Trump's speech delved into other hot-button political topics including rising crime and drug dealing. He rattled off a long list of violent, stranger-on-stranger offenses in cities all across the country and pointed out that most are run by Democratic governments.
Our streets are riddled with needles and soaked with the blood of innocent victims. Many of our once-great cities, from New York to Chicago to LA, where the middle class used to flock to live the American dream, are now war zones. Literal war zones. Every day there are stabbings, rapes, murders, and violent assaults of every kind imaginable.”
In 2021, DC Police recorded 226 homicides, the most on record since 2003 when 248 people were murdered in the District. Other local jurisdictions including Montgomery and Prince George's Counties also recorded large increases in killings, among other crime types.
"We are living in such a different country for one primary reason. There is no longer respect for the law and there certainly is no order. Our country is now a cesspool of crime."
Trump recalled speaking with Chinese President Xi Jinping about illegal narcotics and claimed Jinping was perplexed by America's addiction to drugs like heroin and fentanyl. Trump proposed capital punishment for people who deal drugs.
If you look at countries throughout the world, the ones that don’t have a drug problem are those that institute a very quick trial, death penalty sentence for drug dealers. It sounds horrible, doesn’t it? But you know what? Those are the ones that don’t have any problems. It doesn’t take 15 years in court. It goes quickly... You execute a drug dealer and you’ll save 500 lives because they kill, on average, 500 people.”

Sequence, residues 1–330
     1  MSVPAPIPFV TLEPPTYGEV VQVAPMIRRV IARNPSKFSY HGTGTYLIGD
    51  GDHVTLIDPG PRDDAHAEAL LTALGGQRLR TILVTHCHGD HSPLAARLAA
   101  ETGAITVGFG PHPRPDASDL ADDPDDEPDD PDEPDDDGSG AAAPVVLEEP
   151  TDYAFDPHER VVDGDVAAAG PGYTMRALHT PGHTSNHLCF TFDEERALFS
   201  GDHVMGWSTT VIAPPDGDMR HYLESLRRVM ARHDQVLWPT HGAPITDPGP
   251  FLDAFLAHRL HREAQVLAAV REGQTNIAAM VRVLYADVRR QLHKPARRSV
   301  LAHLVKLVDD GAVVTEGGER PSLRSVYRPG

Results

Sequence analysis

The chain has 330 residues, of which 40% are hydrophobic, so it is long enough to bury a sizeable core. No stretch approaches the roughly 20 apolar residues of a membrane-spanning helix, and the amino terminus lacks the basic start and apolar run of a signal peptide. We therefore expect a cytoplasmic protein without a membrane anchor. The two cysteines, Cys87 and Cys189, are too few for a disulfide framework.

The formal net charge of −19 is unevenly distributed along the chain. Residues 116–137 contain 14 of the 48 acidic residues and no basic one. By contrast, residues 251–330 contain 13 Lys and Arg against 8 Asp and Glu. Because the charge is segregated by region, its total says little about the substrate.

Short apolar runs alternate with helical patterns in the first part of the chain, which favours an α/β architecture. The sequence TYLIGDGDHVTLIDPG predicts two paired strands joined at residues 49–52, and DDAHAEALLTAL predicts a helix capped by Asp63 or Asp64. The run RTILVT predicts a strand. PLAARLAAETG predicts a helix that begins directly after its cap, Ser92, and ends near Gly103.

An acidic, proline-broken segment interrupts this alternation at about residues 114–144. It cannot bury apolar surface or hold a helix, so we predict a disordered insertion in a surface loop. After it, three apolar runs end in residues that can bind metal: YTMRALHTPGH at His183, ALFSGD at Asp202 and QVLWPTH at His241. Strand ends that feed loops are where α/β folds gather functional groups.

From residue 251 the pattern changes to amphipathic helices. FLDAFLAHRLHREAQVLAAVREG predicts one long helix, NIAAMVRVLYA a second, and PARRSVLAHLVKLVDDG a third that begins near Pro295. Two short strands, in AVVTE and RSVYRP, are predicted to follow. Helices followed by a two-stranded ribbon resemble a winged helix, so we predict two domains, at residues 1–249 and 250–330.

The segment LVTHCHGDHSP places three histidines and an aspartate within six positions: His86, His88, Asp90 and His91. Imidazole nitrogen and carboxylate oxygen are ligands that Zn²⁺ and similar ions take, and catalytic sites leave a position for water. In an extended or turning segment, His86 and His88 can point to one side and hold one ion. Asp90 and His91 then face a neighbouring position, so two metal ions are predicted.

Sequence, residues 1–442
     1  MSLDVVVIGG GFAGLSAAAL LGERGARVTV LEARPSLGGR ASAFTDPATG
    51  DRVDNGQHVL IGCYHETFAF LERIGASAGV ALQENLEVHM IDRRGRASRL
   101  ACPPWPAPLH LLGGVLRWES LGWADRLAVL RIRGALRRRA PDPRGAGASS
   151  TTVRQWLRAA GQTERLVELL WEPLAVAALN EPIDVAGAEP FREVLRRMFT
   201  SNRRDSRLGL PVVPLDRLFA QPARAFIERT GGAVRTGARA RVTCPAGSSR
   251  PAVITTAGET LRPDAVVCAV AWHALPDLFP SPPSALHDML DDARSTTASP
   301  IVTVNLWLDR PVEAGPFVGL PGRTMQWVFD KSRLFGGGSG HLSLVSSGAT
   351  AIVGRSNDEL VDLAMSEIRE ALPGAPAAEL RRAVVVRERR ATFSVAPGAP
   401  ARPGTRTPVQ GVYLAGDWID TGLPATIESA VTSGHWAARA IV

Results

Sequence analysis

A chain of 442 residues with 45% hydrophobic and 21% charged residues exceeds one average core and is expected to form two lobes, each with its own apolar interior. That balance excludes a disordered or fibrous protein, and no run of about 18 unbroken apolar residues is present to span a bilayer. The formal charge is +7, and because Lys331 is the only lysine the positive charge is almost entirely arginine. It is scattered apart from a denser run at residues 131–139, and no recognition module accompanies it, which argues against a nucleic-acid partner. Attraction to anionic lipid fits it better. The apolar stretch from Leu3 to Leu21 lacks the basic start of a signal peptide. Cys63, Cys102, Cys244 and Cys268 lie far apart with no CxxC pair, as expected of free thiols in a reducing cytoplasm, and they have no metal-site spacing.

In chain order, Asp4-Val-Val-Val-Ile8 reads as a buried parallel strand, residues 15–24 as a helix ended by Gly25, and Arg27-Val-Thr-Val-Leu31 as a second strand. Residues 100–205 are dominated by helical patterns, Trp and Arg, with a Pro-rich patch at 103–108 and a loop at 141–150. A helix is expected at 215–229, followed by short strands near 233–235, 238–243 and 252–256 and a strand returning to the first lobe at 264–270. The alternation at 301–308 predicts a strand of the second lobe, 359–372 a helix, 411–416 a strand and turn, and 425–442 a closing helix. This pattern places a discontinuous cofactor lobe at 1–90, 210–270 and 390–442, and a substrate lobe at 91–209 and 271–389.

Trump further called for a return to stop and frisk policies to cut down on crime, arguing that it "worked brilliantly" in the past. Trump highlighted 9.1 percent inflation, record-high gas prices, and illegal immigration.
“Illegal aliens are stampeding across our wide-open borders, pouring into our country. It’s an invasion.”
Trump said the GOP is poised to regain control of the U.S. Congress this year and predicted that a Republican would swoop back into the Oval Office come 2024. The 76-year-old New York native, however, stopped short of sharing his precise political plans.
“This November, the people are going to vote to stop the destruction of our country, and they’re going to vote to rescue America’s future," Trump remarked. “Our country is going to hell. It’s going to hell very fast. It’s a very unsafe place.”
Rep. Jamie Raskin, D-Md., called Trump's law-and-order-themed speech, hypocritical.
The expectation is that he's going to talk about law enforcement, which to me is just the most brazen, scandalous thing after he unleashed the mob that assaulted, well hundreds of our officers and injured, wounded, hospitalized, more than 150 of them and ended up with everything from lost fingers and heart attacks and strokes to broken jaws and necks to traumatic brain injury," Raskin stated. "I still have constituents who are officers and are recovering from their injuries and wounds and are in physical therapy twice a week. So, the idea that he would dare to utter one word about law enforcement... is just appalling to me."